Match one: Evans claims statement win to put Brits in front


Dan Evans produced an incredible performance in the opening match of the tie to come back from a set and a break down to beat 19-year-old French starlet 3-6, 6-3, 6-4 in two hours and three minutes.

"There’s something about the Davis Cup," he said. "It’s never just simple. It’s an amazing crowd, there’s so many here so thank you – you really helped me through."

The win gives the Brits a one match lead in a must-win tie if they are to reach the Davis Cup Final 8.

Making his debut for the French team, Fils was extremely on serve in the opening set – hitting four aces and winning 88% (14/16) points off the first serve – and at times overpowered the Brit. The Frenchman’s relentless barrage of attack against the Brit’s serve eventually paid off as he reeled off three consecutive games to finish the set.

Fils took an early break lead in the second and looked set to see out the win, but the British No.2 showed every ounce of his grit and determination to inspire an immense comeback. At the first flicker of a chance on the Frenchman’s serve and Evans seized it with open arms. Four errors from Fils gave Evans the break back, which sent the 13,000 strong capacity crowd into a frenzy as the young French star showed the first signs of pressure.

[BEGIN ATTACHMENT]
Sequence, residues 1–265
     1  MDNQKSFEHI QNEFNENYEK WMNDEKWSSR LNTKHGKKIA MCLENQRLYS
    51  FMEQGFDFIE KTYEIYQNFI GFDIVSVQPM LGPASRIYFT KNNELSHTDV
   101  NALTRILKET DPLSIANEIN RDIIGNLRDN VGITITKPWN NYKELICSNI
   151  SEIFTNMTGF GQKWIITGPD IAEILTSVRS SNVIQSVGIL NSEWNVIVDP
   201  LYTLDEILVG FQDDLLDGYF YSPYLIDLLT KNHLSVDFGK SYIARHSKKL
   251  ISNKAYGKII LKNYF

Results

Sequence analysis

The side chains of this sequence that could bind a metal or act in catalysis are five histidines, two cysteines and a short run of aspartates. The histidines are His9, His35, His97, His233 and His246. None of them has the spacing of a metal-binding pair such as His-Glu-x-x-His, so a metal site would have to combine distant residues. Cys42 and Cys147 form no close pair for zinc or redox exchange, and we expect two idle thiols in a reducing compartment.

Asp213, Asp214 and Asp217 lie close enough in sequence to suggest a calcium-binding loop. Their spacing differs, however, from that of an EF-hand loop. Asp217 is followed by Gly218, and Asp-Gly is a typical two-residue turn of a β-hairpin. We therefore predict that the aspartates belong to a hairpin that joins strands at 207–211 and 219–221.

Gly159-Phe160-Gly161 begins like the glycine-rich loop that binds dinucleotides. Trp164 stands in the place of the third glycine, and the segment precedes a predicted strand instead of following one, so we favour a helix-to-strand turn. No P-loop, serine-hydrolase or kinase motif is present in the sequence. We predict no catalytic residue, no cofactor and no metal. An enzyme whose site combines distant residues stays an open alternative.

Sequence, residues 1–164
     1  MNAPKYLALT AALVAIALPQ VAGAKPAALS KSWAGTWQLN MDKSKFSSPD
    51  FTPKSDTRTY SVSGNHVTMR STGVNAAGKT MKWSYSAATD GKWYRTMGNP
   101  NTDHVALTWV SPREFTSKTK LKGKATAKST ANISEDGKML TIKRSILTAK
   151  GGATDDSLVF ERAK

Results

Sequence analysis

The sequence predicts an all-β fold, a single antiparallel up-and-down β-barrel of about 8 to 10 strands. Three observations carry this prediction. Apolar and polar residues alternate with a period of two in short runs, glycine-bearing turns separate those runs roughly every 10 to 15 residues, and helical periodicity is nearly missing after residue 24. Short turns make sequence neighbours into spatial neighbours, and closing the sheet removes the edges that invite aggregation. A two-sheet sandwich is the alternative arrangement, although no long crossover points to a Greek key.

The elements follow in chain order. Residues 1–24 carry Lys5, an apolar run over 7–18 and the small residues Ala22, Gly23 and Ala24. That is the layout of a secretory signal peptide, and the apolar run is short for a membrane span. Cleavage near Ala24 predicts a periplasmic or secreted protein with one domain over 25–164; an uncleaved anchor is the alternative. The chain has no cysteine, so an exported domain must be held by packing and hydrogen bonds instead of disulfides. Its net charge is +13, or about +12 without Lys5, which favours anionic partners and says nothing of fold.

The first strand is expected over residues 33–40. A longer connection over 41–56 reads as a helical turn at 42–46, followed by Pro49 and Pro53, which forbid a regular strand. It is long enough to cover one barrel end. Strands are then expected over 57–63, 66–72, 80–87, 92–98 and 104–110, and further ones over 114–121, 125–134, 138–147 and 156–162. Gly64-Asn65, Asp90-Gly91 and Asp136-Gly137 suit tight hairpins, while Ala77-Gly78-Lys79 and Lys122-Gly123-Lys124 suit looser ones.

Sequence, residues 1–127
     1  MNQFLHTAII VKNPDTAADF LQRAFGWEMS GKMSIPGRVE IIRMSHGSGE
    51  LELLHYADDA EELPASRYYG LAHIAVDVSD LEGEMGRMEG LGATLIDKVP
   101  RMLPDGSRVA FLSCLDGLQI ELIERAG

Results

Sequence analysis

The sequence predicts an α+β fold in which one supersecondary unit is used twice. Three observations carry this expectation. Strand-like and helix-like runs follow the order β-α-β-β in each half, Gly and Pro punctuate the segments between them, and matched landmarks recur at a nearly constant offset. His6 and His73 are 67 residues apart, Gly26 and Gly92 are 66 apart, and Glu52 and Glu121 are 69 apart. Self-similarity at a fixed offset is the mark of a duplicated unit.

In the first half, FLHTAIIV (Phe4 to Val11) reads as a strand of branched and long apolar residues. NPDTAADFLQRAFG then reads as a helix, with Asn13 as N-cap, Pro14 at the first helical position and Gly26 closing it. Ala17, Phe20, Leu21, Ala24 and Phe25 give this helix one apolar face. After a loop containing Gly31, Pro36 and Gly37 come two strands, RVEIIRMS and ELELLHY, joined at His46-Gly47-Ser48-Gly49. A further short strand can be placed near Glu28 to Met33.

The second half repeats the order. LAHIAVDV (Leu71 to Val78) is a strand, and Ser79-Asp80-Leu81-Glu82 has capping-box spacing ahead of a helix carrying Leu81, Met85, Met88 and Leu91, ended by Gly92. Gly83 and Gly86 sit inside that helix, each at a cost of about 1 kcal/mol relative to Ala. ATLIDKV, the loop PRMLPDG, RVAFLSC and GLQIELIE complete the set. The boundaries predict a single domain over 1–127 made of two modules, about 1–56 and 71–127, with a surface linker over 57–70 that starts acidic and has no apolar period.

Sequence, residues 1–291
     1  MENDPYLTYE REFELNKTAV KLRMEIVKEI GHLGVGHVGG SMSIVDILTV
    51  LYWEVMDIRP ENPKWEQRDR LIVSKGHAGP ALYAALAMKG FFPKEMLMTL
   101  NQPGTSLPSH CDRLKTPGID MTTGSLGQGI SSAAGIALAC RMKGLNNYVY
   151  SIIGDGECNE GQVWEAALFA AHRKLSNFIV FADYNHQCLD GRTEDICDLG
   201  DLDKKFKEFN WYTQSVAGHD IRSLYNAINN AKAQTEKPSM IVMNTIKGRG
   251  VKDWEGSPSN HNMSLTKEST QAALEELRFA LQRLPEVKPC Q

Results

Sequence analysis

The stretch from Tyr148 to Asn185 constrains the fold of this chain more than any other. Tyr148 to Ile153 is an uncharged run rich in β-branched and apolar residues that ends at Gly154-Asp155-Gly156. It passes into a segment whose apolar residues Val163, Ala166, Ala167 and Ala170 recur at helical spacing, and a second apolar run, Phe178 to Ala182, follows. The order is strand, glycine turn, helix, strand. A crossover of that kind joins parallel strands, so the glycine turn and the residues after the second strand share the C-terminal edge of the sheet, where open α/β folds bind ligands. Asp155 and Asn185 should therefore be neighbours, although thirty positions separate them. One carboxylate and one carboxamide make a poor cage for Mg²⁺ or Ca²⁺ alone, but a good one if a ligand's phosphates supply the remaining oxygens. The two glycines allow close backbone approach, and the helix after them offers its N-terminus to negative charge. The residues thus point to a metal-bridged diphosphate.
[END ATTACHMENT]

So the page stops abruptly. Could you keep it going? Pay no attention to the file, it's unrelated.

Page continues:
Evans held to love and on his next service game, Fils missed two smashes and hit a double fault to pass the momentum firmly over to the Brit. Another hold to love and Evans went on to win seven games in a row – levelling the scores and taking a 3-1 lead in the third.

Competing in his 25th Davis Cup tie – the fourth most of any British player, behind Bobby Wilson, Mike Sangster and Andy Murray – Evans lost just five points on serve in the decider, wrapping up arguably one of his most important victories for his country to date.